in saying that, we don't do

might do away with the tax

cuts If you don't hurt people

there's no reason to compensate

them F a government has a

sensible policy here they

wouldn't require this sort of

man nip lating of the money.

Bruce how quickly do you think

the Government needs to talk

this you out, start talking

about the good yis that will go

with these tax cuts in terms of

compensation They've got some

time on their thandz of course,

there's not an election due for

a couple of years, they don't

want to spend too much time

trying to get the story out

about the poll tiffs involved in their package. That

requires them to go through

this multiparty committee,

through the parliament, there

are a few stages they shr to go

through before they can go out

and aggressively sell it Would that include advertising in

that aggressive selling I would

support that just as John

Howard aggressively sold a GST

with 100 million dollar

government paid advertising

program, just as John Howard

was planning before the 2007

election to have a campaign

paid for by taxpayers around

climate change, so, yes, I

would accept that, I would

support that. I would support

that You promised there would

be no advertising I would be

very strongly in support of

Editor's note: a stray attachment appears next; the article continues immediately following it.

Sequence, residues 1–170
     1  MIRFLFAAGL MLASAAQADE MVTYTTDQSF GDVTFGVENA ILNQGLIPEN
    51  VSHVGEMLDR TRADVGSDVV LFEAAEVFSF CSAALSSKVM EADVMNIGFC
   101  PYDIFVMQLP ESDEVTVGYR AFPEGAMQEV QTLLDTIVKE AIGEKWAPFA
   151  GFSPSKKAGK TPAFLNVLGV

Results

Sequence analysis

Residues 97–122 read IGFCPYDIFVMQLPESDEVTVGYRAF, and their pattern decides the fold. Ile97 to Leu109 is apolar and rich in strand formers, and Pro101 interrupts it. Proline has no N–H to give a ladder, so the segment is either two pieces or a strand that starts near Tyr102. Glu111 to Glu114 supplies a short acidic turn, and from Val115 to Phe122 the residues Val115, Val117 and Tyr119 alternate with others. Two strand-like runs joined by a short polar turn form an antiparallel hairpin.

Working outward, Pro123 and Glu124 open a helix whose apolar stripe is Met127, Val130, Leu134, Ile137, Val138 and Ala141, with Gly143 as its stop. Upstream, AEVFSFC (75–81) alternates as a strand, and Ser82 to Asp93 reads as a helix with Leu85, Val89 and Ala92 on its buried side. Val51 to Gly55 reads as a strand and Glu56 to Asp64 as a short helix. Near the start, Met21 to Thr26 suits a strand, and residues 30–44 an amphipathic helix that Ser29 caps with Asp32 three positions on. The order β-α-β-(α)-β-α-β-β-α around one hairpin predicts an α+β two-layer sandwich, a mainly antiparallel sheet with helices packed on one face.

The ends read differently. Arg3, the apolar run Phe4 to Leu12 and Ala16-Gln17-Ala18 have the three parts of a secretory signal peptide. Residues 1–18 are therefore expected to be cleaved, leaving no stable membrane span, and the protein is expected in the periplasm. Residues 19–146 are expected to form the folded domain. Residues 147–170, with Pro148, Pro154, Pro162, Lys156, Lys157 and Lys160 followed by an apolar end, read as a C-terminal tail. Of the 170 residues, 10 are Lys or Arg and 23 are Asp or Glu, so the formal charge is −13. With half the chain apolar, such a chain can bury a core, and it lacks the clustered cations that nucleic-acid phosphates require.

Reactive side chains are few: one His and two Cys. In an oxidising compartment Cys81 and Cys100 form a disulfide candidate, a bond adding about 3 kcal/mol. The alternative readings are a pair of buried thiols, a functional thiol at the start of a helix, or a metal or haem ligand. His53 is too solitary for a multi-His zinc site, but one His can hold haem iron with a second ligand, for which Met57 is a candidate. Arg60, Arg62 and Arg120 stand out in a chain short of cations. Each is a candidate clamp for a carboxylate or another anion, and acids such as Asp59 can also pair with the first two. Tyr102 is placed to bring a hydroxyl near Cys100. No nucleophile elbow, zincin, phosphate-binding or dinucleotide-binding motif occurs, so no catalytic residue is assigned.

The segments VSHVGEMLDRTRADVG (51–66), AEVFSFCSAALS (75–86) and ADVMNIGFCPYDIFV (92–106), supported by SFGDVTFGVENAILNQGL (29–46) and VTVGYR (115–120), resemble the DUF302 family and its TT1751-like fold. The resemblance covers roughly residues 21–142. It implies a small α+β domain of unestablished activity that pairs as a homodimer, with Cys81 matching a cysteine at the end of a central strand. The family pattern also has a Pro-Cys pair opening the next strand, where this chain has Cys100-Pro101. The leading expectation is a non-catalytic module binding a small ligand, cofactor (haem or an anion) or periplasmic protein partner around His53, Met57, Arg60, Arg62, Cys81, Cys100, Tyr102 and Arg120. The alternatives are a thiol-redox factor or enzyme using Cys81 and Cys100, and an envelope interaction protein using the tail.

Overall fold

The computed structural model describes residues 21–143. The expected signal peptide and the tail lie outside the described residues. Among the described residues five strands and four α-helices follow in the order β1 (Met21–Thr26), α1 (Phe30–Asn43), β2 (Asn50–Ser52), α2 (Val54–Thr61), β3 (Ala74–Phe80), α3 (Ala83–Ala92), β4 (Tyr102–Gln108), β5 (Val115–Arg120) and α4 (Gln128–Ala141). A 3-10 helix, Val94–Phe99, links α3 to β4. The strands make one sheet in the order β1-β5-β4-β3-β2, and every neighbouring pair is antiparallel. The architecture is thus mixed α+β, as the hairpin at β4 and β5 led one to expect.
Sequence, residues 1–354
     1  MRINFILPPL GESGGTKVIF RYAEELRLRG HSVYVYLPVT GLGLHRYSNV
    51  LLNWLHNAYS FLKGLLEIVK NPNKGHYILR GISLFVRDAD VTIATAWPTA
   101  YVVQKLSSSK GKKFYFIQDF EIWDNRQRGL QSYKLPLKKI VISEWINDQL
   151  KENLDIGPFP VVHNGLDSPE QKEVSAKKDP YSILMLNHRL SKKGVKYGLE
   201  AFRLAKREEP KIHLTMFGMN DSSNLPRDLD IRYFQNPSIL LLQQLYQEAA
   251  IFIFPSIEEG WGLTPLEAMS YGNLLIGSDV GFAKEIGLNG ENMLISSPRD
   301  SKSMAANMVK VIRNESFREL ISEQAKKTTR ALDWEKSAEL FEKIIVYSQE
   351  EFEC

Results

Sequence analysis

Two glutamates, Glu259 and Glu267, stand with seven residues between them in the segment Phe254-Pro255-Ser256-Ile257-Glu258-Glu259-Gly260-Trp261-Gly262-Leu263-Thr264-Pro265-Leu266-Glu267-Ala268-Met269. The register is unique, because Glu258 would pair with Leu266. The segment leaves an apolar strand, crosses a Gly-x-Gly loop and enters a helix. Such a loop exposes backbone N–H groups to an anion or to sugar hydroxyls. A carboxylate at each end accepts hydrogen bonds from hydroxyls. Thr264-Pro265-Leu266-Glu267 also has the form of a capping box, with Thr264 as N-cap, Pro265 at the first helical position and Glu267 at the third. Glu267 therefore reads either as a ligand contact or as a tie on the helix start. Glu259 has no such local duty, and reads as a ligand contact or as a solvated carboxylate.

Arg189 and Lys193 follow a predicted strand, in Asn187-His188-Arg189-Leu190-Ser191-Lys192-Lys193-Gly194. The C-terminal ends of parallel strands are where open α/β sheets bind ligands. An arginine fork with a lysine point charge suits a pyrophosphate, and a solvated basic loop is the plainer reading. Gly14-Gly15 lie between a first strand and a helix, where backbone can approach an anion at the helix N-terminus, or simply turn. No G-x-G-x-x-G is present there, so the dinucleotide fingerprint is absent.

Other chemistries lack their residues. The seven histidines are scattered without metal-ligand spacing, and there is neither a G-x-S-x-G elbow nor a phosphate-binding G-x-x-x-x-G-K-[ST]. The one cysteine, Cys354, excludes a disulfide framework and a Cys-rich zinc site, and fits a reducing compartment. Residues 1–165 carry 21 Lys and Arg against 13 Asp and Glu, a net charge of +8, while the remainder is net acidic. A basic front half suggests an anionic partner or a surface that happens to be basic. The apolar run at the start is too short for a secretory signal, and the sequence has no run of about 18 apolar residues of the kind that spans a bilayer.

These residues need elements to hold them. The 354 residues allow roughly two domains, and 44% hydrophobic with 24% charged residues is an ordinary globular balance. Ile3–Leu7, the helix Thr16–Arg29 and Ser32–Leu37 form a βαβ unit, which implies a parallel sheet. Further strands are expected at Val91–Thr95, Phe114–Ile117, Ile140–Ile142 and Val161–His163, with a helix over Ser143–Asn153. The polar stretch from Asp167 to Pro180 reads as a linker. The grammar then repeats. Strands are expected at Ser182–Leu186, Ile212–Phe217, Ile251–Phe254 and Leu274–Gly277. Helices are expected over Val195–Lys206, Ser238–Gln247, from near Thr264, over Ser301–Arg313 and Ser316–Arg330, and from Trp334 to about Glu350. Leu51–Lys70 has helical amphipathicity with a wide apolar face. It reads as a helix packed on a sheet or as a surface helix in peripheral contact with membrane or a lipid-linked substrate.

that proposition, just as John

Howard when Graham was working

for him was supportive of that proposition too, now, I would

say this, though, on the

question of the tax, why is the

Government having to talk about

these issues, the Government's

not doing this because they

want to go out and punish

people as Graham would have you believe, they're doing this

because there are very real

problems coming down the line

that have stob confronted by us

as part of the ipt nagal

community. We're not going to

be putting our heads in the

sand like an ostrich on this

one, we're actually got to take

it on. The politics of

negativity are strongly

expressed in the voice of the

opposition leader,

unfortunately that's the way

they're going to go. Labor is

going to have to come out with

a very positive program, because they do need to be

telling the electorate that is

something that we as part of the international community

have to do We know the

opposition will be running a

strong campaign against this.

I just want to show you one

coalition Back Bencher who had

an interesting approach in

making his point on this, this

morning, he was Dennis Jensen,

arriving at parliament house

this morning If you listen

very very carefully, you know

what that's the sound of, the

sound of tax, after July 12012.

If you have a look at that and

I power it, all of those little

bubbles there, it's tax, it's

carbon dioxide. He's a

scientist, isn't he, Graham,

there you go You'd think he'd

know better then, wouldn't

you Let's move on, Christmas

Island, last week was just

awful, the riots, the protests,

it was completely out of hand,

more Federal Police have been

sent in. The question has been

left hanging as to you know

those who instigated this sort

of violent protest, what will

happen to them, there is any

chance they could get a visa,

we have got a bit of the Prime

Minister trying to signal that

a very harsh view will be taken